In a letter to federal regulators sent this week, Senator Bob Corker (R-Tenn.) stated words of caution over mortgage industry rules and regulations that have the potential to continue crowding out the private market.
Corker, who is a member of the Senate Banking, Housing and Urban Affairs Committee, pointed specifically to work being done on the “Qualified Residential Mortgage” rule and urged that the rule should align with the Qualified Mortgage, or “QM” rule announced by the Consumer Financial Protection Bureau this month.
“Forcing lenders to comply with two separate sets of rules isn’t good policy, and in this case, it would set back the timetable on doing what we absolutely must do—begin to move away from a complete dependence on the government for mortgage crebravdit in our country,” Corker wrote.
The QRM and QM rules, if not aligned, could have a serious detrimental impact on the mortgage market, the senator stressed.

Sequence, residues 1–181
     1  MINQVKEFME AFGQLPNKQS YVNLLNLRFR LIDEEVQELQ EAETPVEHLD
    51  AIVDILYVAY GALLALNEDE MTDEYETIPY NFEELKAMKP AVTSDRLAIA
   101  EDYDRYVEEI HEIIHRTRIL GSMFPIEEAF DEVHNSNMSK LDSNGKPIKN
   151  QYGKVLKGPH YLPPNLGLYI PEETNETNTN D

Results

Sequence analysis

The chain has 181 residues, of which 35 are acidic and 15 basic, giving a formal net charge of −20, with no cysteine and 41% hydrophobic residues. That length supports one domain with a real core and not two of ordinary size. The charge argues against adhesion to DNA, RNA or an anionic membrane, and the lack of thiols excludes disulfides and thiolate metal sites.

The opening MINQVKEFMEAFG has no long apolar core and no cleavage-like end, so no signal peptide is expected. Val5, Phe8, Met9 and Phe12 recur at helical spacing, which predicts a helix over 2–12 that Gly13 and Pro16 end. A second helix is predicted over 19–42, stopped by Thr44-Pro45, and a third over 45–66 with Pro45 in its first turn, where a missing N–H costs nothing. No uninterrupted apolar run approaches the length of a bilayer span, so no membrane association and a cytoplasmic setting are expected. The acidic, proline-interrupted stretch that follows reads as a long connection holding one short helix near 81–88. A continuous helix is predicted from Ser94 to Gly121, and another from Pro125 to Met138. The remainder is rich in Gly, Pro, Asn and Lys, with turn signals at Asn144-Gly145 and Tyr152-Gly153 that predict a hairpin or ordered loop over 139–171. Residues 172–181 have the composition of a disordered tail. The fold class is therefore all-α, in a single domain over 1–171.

“I am writing to you today regarding the Risk-Retention and Qualified Residential Mortgage (QRM) standards being developed pursuant to Section 941 of the Dodd-Frank Act. Regardless of how one may feel about Congress telling federal agencies to draft both “qualified mortgage” underwriting standards and rules around so-called “risk retention,” the reality is that the joint federal regulators now responsible for the QRM rules are in a position to materially impact what the system of housing finance in the United States will look like for years to come.”
The regulators currently tasked with developing the QRM include the Federal Deposit Insurance Corp, Department of Housing and Urban Development, Office of the Comptroller of the Currency, Securities and Exchange Commission, Federal Reserve and Federal Housing Finance Agency.
Written by Elizabeth Ecker